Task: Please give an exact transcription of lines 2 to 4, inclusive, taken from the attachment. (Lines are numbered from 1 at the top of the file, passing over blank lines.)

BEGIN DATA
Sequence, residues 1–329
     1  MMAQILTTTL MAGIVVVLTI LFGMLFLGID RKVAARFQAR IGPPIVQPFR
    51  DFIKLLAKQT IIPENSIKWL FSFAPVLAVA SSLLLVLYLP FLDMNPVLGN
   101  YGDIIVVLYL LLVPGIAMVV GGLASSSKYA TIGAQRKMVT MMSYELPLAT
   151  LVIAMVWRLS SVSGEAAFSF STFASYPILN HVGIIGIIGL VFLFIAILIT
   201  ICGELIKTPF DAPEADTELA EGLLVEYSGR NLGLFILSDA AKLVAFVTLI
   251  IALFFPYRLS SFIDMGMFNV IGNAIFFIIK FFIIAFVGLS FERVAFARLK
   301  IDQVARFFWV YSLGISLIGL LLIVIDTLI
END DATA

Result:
     1  MMAQILTTTL MAGIVVVLTI LFGMLFLGID RKVAARFQAR IGPPIVQPFR
    51  DFIKLLAKQT IIPENSIKWL FSFAPVLAVA SSLLLVLYLP FLDMNPVLGN
   101  YGDIIVVLYL LLVPGIAMVV GGLASSSKYA TIGAQRKMVT MMSYELPLAT